Psychiatric disorders, stress increase risk for cervical cancer mortality
Women with cervical cancer who experienced psychiatric disorders and stress around the time of diagnosis demonstrated higher rates of cancer-specific mortality than women without such distress at diagnosis, according to study results published in Cancer Research.
“Emerging evidence indicates that psychological distress might affect the progression of many cancer types, for instance through reduced cellular immunity response induced by chronic stress. It suggests that stress may play a particularly strong role in solid malignancies with infection related etiology, such as cervical cancer,” study author Donghao Lu, MD, PhD, postdoctoral researcher in the department of medical epidemiology and biostatistics at Karolinska Institutet in Stockholm, said in an interview with HemOnc Today. “Moreover, our previous work suggested a role of psychological distress in the risk of oncogenic infection of human papillomavirus, cervical dysplasia and invasive cervical cancer. In the present follow-up study, we studied the relationship between stress and cervical cancer diagnosis.”
In the nationwide cohort study, Lu and colleagues evaluated records of 4,245 women in Sweden diagnosed with cervical cancer between 2002 and 2011.
They used Swedish personal identification numbers to connect the women to the Swedish Patient Register, which includes data on hospital discharge records and specialist visits.
With these data, the researchers identified women who had been clinically diagnosed with stress-reaction and adjustment disorders, depression, or anxiety disorder, as well as those who faced a stressful life event — including death or illness in the family, divorce or joblessness — no more than 1 year prior to cancer diagnosis.
Using Sweden’s Causes of Death Register, researchers determined that 1,392 of the women died during a mean 4.4 years of follow-up, including 1,005 who died due to cervical cancer.
The researchers calculated the HRs of cancer-specific death among women who experienced psychological distress compared with those not exposed to such distress, controlling for socioeconomic factors, tumor characteristics and treatment approach.
Results showed 1,797 women (42.3%) had either a stress-related disorder or faced stressful life events 1 year before cancer diagnosis or later. Mean age at cancer diagnosis was 53.9 years.
A statistical analysis adjusted for year of diagnosis, stage, histology and other factors showed women who experienced either a stress-related disorder or stressful life event demonstrated a 33% increased risk for cancer-specific mortality (HR = 1.33; 95% CI, 1.14-1.54) compared with those not exposed to stress. Women with stress-related disorders had a 55% greater likelihood of dying of cervical cancer (HR = 1.55; 95% CI, 1.2-1.99), whereas those exposed to a stressful life event appeared 20% more likely to die of cervical cancer (HR = 1.2; 95% CI, 1.02-1.41).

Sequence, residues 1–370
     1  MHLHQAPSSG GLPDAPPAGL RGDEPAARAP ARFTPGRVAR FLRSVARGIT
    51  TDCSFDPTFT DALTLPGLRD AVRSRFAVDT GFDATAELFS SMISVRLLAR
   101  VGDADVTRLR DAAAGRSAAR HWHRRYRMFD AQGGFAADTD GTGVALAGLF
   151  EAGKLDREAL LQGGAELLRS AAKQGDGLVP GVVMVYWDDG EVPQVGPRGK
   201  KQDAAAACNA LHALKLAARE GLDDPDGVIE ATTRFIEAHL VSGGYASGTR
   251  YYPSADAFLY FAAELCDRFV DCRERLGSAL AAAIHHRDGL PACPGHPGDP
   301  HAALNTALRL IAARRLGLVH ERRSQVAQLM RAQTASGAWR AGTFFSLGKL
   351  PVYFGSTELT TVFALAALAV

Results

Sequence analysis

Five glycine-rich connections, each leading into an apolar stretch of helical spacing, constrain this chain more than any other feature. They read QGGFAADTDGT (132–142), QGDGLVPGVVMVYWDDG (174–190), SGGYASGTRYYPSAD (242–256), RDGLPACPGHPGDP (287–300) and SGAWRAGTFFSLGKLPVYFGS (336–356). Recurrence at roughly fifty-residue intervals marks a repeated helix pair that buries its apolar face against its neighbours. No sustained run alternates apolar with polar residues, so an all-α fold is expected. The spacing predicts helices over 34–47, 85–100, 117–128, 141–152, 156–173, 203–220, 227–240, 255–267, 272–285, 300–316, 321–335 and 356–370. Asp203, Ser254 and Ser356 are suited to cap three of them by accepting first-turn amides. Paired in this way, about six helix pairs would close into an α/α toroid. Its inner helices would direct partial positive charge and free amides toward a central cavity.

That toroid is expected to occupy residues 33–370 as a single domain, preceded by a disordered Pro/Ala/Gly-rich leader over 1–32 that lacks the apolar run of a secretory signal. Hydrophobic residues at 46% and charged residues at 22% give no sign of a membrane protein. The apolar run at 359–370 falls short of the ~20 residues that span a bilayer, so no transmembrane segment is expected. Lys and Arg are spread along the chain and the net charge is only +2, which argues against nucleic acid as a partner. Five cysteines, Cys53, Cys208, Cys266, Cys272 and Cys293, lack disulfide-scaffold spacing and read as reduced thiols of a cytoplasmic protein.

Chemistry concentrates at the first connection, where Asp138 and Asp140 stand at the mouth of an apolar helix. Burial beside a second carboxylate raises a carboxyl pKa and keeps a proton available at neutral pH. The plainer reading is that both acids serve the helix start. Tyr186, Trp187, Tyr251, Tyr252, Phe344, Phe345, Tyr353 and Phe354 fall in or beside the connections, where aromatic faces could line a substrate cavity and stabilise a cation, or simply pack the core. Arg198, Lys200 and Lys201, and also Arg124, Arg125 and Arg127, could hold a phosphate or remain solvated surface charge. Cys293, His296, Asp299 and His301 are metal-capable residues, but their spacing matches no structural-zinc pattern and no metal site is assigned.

The correlations were driven primarily by distress occurring 1 year before or after cancer diagnosis (HR = 1.3; 95% CI, 1.11-1.52), but not after that time (HR = 1.12; 95% CI, 0.84-1.49).
The researchers acknowledged several limitations to the study. The surrogates used for severe psychological distress may not have fully elucidated the distress experienced by women with cervical cancer. Additionally, by using specialist care-based diagnoses to define stress-related disorders, researchers may have overlooked less symptomatic women not treated by specialists. Lastly, women who experienced stressful life events not examined in the study, such as financial hardship due to sickness-related absences, were categorized as unexposed.
The association between stress and cervical cancer prognosis is not necessarily causal, Lu said, noting several possible explanations for this link.
“Experimental studies suggest that psychological stress modulates tumor growth and progression through the dysregulation of oncogenes, angiogenesis, inflammation and host immune responses operated by the hypothalamic-pituitary-adrenal axis and sympathetic nervous system,” Lu told HemOnc Today. “In addition, psychological distress may influence cancer survival through delayed diagnosis or altered treatment. However, the association we found remained robust after extensive adjustment for tumor characteristics and mode of diagnosis/treatment.”
Lu said these findings may justify monitoring the psychological health of patients with cervical cancer.
“Our findings may support that oncologists or gynecologists perform active evaluation of psychiatric status on return visits to see how patients with cervical cancer are doing, not only somatically but also mentally,” he said. “If confirmed in other populations/countries, psychological screening/intervention may be considered as an integral component in cervical cancer care.” – by Jennifer Byrne
For more information:
Donghao Lu, MD, PhD, can be reached at Karolinska Institutet, Nobels väg 12A, Box 281, Stockholm 17177, Sweden; email: email@example.com.
Disclosures: The researchers report no relevant financial disclosures.